While some knew him as Jonah and others as Mac, we all loved and respected him. And we miss him dearly.

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Wholeness When Life Is Broken

This is a D’var Torah I presented at Woodlands on Friday, March 7, 2014, parashat Vayikra, Jonah’s 5th yahrzeit. Somehow I neglected to post it in any timely manner. But I found the parallel to ancient Israel’s sacrificial cult a compelling one. Sometimes we’re simply helpless as events whirl around us. And yet, amidst fear, grief and despair, greatness is manifest in our uncanny ability to survive and to carry on. In the second half of this essay, I write about Israel. It’s timely that I am sharing this now. If ever we needed more bridges to friendship between Israelis and Palestinians, it’s now. Billy


In ancient Israel, our ancestors used to make offerings to God depending on what was going on in their lives. If they accidentally made a mistake and did something God wouldn’t like, they would offer a khatat, a sin offering. If they did something wrong on purpose, but they were truly sorry for it, they would offer an asham, a guilt offering. And if things were going well in their lives, and they just wanted to acknowledge how fortunate they felt, our ancestors would offer a zevakh sh’lamim, an offering of wholeness.

But what about when things aren’t going well? What if you haven’t done anything wrong, but you’re also not feeling very good about what’s going on in your life? What do you do then? Nothing? Just sit around being miserable?

Our ancestors had one more offering that may fit the bill here. It was called an olah, a burnt offering. They made this offering just to tell God, “We’re human and You’re God.” It was a way, I think, to acknowledge that we’re not always in control of how we’d like our lives to go. Sometimes things happen that we have nothing to do with, except that they affect us deeply. We feel very emotional about them, but may not know how to deal with them.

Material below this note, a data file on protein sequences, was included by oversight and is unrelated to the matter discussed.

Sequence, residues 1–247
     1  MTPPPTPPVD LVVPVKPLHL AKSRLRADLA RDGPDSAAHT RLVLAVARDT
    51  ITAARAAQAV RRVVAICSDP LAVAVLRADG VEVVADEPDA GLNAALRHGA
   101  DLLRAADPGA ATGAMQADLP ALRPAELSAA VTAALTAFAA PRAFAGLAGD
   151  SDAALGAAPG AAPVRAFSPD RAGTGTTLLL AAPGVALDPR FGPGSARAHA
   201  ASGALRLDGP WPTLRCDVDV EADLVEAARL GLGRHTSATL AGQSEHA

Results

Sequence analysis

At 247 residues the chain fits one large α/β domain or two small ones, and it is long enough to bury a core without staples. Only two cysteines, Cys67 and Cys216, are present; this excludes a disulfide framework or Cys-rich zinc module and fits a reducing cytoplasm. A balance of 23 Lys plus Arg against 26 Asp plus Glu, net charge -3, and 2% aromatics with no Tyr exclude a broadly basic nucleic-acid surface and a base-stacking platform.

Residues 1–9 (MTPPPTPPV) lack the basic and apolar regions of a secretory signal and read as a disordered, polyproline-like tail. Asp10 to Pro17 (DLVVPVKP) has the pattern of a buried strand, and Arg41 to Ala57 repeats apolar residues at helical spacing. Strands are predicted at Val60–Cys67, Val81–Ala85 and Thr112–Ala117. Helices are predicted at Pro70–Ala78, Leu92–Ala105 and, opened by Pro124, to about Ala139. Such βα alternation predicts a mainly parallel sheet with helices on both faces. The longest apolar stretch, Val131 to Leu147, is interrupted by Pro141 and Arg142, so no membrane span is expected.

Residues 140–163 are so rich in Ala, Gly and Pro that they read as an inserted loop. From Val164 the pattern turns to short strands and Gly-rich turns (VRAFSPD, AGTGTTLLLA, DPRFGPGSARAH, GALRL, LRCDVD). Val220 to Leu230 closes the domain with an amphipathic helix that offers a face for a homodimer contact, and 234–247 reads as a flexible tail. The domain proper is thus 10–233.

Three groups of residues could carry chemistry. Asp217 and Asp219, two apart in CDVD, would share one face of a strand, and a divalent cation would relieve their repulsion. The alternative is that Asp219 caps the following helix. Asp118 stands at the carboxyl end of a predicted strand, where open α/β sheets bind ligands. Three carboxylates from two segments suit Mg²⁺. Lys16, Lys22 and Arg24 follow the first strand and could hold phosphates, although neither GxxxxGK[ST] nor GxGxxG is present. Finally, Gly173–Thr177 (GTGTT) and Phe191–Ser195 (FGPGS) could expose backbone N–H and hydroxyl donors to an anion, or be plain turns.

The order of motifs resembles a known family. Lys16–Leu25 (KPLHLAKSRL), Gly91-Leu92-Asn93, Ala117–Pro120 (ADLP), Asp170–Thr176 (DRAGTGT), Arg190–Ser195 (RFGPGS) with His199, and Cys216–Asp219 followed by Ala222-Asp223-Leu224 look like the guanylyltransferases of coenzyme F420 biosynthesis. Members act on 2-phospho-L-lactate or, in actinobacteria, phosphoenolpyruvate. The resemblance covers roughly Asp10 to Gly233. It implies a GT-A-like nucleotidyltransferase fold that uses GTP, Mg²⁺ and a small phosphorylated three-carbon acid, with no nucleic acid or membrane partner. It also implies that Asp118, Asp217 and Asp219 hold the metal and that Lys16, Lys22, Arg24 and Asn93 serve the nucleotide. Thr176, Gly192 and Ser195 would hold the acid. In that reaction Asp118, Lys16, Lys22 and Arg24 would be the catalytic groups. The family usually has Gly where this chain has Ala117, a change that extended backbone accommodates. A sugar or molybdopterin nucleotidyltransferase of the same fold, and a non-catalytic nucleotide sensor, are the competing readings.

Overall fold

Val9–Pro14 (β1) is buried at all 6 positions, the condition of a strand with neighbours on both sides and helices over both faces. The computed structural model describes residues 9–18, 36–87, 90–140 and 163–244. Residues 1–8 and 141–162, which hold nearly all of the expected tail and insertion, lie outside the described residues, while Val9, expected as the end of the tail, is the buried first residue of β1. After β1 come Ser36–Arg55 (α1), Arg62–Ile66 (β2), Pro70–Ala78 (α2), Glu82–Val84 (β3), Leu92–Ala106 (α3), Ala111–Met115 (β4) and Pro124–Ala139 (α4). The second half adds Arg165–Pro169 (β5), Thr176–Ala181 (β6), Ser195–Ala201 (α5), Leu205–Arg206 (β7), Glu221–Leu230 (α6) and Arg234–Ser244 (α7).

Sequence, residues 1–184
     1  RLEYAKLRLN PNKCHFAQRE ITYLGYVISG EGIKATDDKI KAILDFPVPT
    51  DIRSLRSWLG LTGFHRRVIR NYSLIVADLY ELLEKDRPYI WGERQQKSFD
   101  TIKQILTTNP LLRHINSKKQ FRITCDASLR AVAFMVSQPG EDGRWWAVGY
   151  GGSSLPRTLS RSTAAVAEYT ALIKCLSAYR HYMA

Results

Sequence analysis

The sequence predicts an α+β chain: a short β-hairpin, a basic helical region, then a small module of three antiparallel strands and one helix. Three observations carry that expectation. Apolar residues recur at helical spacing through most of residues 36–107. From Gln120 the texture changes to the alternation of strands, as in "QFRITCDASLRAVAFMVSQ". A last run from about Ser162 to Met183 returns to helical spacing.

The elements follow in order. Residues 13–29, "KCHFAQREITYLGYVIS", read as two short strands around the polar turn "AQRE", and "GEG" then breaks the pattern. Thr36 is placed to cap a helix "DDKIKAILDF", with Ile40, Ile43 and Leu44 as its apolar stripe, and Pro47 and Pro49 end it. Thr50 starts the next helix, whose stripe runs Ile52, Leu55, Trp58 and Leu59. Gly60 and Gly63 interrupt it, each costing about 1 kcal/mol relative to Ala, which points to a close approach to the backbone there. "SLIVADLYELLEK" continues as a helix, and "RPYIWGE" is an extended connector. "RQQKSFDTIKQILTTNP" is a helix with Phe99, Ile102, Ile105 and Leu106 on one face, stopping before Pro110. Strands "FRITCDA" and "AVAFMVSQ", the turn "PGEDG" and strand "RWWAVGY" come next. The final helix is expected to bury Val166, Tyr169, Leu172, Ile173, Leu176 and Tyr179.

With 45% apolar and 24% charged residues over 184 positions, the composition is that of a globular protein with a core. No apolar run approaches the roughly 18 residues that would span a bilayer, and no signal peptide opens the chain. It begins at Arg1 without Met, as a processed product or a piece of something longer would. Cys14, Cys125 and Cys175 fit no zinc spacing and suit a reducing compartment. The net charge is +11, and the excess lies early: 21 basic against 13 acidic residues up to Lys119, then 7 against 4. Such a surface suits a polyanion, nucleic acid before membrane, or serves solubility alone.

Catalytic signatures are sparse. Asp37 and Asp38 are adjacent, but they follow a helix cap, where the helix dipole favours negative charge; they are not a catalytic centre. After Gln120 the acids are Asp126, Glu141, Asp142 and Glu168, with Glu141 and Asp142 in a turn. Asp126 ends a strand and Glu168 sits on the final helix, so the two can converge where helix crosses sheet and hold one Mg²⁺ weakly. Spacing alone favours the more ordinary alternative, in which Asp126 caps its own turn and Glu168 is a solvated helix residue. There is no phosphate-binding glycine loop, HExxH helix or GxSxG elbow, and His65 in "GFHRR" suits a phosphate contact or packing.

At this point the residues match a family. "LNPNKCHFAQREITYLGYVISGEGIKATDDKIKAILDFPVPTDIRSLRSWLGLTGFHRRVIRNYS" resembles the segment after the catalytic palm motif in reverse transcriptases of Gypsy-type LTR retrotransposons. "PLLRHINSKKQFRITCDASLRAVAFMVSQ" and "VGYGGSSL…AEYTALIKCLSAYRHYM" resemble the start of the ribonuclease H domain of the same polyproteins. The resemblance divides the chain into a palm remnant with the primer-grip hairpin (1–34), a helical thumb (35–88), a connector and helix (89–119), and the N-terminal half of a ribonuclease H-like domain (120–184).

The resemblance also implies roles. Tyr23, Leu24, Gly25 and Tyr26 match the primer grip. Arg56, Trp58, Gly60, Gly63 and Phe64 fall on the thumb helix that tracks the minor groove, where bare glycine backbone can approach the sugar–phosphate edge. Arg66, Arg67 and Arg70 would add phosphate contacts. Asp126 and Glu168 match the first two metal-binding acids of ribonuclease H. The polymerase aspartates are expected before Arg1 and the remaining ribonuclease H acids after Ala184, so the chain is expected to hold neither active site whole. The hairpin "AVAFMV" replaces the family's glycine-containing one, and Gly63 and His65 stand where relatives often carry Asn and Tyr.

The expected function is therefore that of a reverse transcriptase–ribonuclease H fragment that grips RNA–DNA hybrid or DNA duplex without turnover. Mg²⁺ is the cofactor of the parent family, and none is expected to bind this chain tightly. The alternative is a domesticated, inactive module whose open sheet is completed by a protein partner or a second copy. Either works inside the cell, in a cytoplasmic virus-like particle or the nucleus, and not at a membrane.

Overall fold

WebFive years ago, my 19-year-old son Jonah died. As you can very well imagine, it was the saddest day of my life. Jonah was a bright, happy, funny, and very kind human being. He was well-loved and everybody liked having him around. When he died, I was inconsolable; all I could do was cry.

But after a few weeks had gone by, I began to wear my smile again. I came back to temple, began telling stories, played the guitar, gave blessings to babies, and resumed teaching. My heart was still broken but, somehow, I learned to be happy again.

It was as if I’d offered an olah, a burnt offering which said to God, “I’m human and You’re God, God.” After all, I couldn’t stop Jonah from dying. He was at college up in Buffalo and I was here at home. All I could do was accept that there was nothing I could do.

Oh, and one more thing. I was able to take my sadness and try to do something good with it. To honor Jonah’s memory and to make sure that my spirit didn’t die along with his body. It was as if I had offered a zevakh sh’lamim; even though my heart was broken, and it still is, I made an offering of wholeness. I thanked God for the blessings that I still have, even if I lost one big one.

Life sometimes hurts us badly. But we usually have a choice whether we’ll stay miserable or we’ll come back and enjoy life again. Tomorrow night is the 5th Annual Jonah Maccabee Concert. We’ll hear some great new Jewish music from Julie Silver and Ken Chasen, and we’ll raise a lot of money to help kids get to URJ summer camps whose families couldn’t otherwise afford to send them. We’ll do all of that in celebration of Jonah’s life.